Reykjavik Open 2014
Reykjavik: Before the storm
A couple of months ago, I competed in the Reykjavik Open, known as one of the top open tournaments in the world. Reykjavik hosted the 1972 Fischer-Spassky match and consistently boasts the highest number of chess Grandmaster’s per capita in the World. A country with a strong chess tradition is quite attractive for any chess player looking for a nice tournament. While I wouldn't consider myself a chess tourist anymore I am still on the lookout for new countries and experiences. I tend to get bored quite easily when playing too often in comfortable environments so it is important that I look for new stomping grounds. A tournament in a new country, with a diverse crowd, decent prizes, and good exposure is something that I can get myself motivated for. Reykjavik and Gibraltar both fit this criterion quite well. However, this wasn't the main reason I decided to participate.
I had already planned to play in Iceland since November. Why so early? Well, back in October I received an interesting proposition from Rogers SportsNet (big Canadian sports Media Company) to do an article on my chess career for their printed magazine. When I first read the email I was thrilled because I had been hoping to get some exposure in the mainstream media of Canada. Not necessarily just for myself but also the game. I think the status and recognition of chess in Canada is pretty poor and I feel some personal responsibility to change that for the better. I've followed sports my whole life in Canada and never heard of chess which is why this felt like a pretty big deal. I immediately met with the magazine in Toronto to try to make a good impression! Well, I guess the meeting turned out for the best because the following week we were already planning a tournament for Sportsnet to follow me behind-the-scenes and get a glimpse of chess. Iceland was a natural fit and from then on we planned things over with semi-regular phone calls and emails over the next few months.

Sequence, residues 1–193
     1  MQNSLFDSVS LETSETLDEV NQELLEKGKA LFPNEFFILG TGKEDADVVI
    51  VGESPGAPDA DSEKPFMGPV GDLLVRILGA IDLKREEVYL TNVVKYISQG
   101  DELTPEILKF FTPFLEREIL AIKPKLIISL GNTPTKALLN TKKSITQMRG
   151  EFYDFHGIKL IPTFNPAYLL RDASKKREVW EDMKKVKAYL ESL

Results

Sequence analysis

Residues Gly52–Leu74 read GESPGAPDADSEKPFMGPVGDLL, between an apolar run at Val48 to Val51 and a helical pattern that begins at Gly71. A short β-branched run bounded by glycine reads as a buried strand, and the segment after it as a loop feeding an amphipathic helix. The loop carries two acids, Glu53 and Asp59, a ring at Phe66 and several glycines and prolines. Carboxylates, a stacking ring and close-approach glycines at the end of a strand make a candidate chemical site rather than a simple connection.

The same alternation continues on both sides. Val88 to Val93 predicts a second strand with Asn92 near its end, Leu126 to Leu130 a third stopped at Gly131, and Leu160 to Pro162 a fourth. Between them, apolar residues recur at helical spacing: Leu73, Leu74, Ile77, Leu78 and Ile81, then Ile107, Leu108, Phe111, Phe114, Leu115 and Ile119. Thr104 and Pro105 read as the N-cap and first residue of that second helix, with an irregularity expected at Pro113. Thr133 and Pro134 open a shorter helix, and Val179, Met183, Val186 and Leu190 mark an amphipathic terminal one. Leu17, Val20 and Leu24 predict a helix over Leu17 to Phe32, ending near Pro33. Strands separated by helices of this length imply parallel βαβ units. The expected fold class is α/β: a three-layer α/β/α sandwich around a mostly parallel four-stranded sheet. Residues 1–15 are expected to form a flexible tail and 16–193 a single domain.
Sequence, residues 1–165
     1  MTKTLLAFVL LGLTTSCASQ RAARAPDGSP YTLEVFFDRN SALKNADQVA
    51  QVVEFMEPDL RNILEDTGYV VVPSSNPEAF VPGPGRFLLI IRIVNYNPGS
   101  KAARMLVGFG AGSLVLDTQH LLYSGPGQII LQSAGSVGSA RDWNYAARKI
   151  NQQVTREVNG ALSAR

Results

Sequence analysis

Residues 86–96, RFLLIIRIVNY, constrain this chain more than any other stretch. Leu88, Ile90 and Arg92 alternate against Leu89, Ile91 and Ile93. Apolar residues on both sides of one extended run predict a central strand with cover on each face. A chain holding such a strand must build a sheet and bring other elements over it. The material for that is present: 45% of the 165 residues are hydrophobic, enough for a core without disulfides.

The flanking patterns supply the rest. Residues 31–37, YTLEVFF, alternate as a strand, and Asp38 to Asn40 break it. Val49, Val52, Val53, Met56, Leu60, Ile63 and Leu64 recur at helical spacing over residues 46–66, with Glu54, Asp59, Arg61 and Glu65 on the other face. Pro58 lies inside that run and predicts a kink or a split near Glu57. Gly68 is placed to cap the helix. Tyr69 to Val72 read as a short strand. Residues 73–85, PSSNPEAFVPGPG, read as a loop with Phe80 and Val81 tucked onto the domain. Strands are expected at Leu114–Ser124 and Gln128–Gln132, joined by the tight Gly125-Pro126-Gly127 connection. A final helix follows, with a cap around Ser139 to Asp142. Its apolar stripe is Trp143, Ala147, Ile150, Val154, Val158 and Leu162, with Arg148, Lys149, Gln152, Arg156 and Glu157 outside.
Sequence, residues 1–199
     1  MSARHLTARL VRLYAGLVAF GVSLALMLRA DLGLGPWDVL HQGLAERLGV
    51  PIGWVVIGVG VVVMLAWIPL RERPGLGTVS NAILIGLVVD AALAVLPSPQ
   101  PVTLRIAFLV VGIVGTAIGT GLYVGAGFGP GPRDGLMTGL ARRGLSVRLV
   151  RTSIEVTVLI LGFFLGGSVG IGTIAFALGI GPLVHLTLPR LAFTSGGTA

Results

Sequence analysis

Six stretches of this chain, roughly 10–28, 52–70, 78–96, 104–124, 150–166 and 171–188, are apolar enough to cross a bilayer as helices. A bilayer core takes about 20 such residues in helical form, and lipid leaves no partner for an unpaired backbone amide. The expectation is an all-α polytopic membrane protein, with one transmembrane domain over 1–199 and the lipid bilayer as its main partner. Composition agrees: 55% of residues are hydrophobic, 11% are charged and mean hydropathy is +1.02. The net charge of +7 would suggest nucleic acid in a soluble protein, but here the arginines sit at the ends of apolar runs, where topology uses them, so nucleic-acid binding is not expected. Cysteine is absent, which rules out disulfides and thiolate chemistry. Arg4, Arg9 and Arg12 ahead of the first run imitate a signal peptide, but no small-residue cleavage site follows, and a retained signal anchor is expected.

All of this seemed quite exciting yet also frustrating. Had I received the email 6 months earlier things were different on paper; I was number 1 ranked in Canada and on the way up. Things would look good for the magazine. Now, I was #2, my rating had fallen significantly, and I was mentally and physically in bad shape. My chess confidence had been shaken considerably. It felt like the worst time for me to be featured! It was only natural for me to think about what an embarrassment it could be if I had a dismal result in Iceland. Still, I was conscious enough to realize I could not pass up such an opportunity. The constant thought of failure pushed me to make some changes. I felt fortunate to have a few months to get into shape. I viewed the tournament like a Rocky movie: do-or-die; an all-out brawl. Pressure felt comforting. Anger was good. I was absolutely happy going to bed every night and thinking about Iceland.
Stay tuned for next week where I will share some impressions on the tournament itself
Bussum, The Netherlands 12.05.2014